Sun News Digest


August 03, 2005


8 U.S. troops killed in west Iraq

Eight American troops were killed in a series of car bombs and an ambush in fierce fighting in western Iraq, the U.S. military announced yesterday. [Page 1a]

309 survive jet crash in Toronto

An Air France jetliner landing in Toronto skidded off a runway yesterday in a thunderstorm and slid into a wooded ravine. The 309 people on board escaped moments before the plane burst into flames. Twenty-four suffered minor injuries, authorities said. [Page 1a]


Roberts stresses role of precedent

In a questionnaire submitted to the Senate panel that will consider him for the Supreme Court, Judge John G. Roberts Jr. stressed the importance of precedent. The comment could help gauge his views on cases, including challenges to Roe v. Wade, because precedent plays a role in promoting stability of the legal system. [Page 1a]

Emergency repairs on Discovery

Discovery's astronauts were to make emergency repairs today to the fragile underside of the shuttle, removing dangling pieces of fabric that could pose a danger on its return to Earth. Astronaut Steve Robinson will try to pull the fabric out by hand. If that fails, he'll use a hacksaw fashioned out of items found aboard Discovery. [Page 3a]

Forecasters predict more storms

As if last month wasn't bad enough, federal hurricane forecasters raised their outlook, predicting that this season could spawn as many as 21 tropical storms and 11 hurricanes, with seven becoming intense storms. [Page 7a]


Prosecutor is probing liquor board

The state prosecutor's office has launched an investigation of the Baltimore Board of Liquor License Commissioners, which has been racked by infighting and allegations of corruption. Nathan C. Irby Jr., the board's executive secretary, is scheduled to meet with the prosecutor today. [Page 1a]

Scoutmaster charged in porn case

An Annapolis man involved with the Boy Scouts for more than six decades, most recently as a Scoutmaster in a poor South Baltimore neighborhood, has been charged with taking nude photographs of a 9-year-old girl. The man, 79, was suspended from his paid position with the Scouts and was being held on $200,000 bail. [Page 1b]

New trial sought in 1998 shooting

Tyrone Jones and public defenders argued in court that he deserves a new trial in a 1998 East Baltimore shooting. Jones was convicted of conspiracy to commit murder largely on the basis of gunshot residue evidence, which his attorneys argue is unreliable and might have been contaminated. [Page 1b]


Shampoo BMA's art carefully

For caretakers at the Baltimore Museum of Art, it takes all summer to get 34 outdoor sculptures cleaned and preserved. Yesterday, it was time for Alexander Calder's The 100 Yard Dash to have its annual bath. But how do you shampoo a 20-foot-tall masterpiece? "Very carefully," conservator Lauren Ross said. [Page 1c]

Newborn panda in D.C. zoo is male

It's a boy! Veterinarians at the National Zoo in Washington have determined the sex of the newborn giant panda, getting their first close look at the cub yesterday. [Page 2c]

Aniston talks about Pitt

Jennifer Aniston told Vanity Fair that she was aware of husband Brad Pitt's attraction to Angelina Jolie, his Mr. and Mrs. Smith co-star, but doesn't blame their split on Jolie. She said she was hurt by a fashion spread in W magazine that showed Pitt and Jolie as a 1960s-style married couple. [Page 3c]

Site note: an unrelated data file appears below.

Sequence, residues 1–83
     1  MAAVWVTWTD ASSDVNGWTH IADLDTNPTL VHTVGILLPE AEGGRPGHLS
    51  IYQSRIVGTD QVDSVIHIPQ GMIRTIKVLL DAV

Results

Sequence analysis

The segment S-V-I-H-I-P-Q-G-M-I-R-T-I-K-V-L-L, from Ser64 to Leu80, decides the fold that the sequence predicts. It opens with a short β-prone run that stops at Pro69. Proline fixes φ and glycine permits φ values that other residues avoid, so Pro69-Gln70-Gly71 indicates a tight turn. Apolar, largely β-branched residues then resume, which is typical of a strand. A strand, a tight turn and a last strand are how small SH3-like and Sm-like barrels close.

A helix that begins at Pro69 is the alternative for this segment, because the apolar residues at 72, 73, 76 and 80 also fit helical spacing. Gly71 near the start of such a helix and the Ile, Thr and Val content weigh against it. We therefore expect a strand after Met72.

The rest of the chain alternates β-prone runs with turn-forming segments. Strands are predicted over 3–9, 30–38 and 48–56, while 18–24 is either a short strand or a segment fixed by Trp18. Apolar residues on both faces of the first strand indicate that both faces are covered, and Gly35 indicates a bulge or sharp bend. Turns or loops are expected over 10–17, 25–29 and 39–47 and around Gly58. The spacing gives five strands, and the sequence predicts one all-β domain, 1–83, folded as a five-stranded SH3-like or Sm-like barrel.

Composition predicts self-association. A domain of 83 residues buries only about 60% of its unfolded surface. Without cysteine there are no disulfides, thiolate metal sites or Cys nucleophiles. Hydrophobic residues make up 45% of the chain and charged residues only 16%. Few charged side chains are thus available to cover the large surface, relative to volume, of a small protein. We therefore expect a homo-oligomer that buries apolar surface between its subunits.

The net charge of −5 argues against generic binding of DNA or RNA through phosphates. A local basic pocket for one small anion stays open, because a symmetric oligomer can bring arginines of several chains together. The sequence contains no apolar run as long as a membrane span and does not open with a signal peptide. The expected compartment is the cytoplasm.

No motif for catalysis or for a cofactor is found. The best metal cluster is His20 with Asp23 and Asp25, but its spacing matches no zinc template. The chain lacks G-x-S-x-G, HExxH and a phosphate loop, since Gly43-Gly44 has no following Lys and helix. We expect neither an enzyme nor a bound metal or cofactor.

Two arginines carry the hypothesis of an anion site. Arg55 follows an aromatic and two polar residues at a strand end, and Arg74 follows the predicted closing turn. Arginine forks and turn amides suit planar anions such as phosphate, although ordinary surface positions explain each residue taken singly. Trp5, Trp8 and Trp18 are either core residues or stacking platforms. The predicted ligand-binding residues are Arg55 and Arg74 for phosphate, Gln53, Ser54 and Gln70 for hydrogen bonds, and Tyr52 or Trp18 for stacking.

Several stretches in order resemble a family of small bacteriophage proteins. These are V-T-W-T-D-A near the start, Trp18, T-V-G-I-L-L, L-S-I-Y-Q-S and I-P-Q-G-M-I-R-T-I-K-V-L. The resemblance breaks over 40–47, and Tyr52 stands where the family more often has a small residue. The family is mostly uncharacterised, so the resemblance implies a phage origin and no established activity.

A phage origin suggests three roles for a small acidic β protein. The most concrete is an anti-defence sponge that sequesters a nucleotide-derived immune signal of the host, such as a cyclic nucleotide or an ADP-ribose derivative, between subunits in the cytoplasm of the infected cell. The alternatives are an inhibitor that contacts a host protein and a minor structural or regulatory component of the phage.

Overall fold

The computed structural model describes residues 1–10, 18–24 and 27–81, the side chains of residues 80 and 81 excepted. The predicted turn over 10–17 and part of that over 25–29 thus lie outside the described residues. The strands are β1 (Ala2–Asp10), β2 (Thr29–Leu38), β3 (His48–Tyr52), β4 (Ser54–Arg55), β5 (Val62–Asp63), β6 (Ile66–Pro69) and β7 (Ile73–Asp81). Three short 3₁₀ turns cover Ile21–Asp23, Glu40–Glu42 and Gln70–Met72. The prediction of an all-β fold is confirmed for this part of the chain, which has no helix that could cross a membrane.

Bank to pay Enron investors

Canadian Imperial Bank of Commerce agreed yesterday to pay $2.4 billion to Enron investors who had sued the banking company for its part in the massive accounting fraud that led to the collapse of the failed energy giant. [Page 1d]

180s reinvented itself as company

180s had the ingredients of a company that had made it big, building a following by refashioning products such as earmuffs and sunglasses with design twists. But behind the scenes, the Baltimore company felt a need to reinvent itself. An investment company is majority owner and brought in a new chief executive officer last month. [Page 1d]


Palmeiro said to fail May drug test

While Rafael Palmeiro chased historic hit No. 3,000 last month, he did so with the knowledge that he had failed a drug test. A source familiar with the time frame said Palmeiro tested positive for a steroid in May and appealed the ruling in June. He had to wait for a decision as he neared the 3,000-hit plateau, which he reached July 15 in Seattle. [Page 1a]

Sanders never flunked drug test

Ravens defensive back Deion Sanders acknowledged unknowingly testing positive for a banned substance after hurting his ankle in a basketball game before he signed with the Ravens. But Sanders never failed a drug test, Ravens officials said. The substance he used to help the ankle heal was not an illegal one despite his characterization. [Page 8e]

Angels rout reeling O's, 10-1

Vladimir Guerrero homered twice and drove in five runs as the Los Angeles Angels sent the sputtering Orioles to their season-worst seventh straight loss, 10-1. The Orioles fell to 9 1/2 games back in the American League East. [Page 1e]


Get complete coverage of Major League Baseball's steroid scandal, including a Q&A with Sun sports editor Randy Harvey.


Read the full text of Mayor Martin O'Malley's speech at the National Press Club.


"I think if my daughter gets any older, she will not be able to find a good one."

Liu Huiqing, a worried mother who is secretly seeking a mate for her 25-year-old daughter at a popular matchmaking event at a Beijing park (Article, Page 1A)



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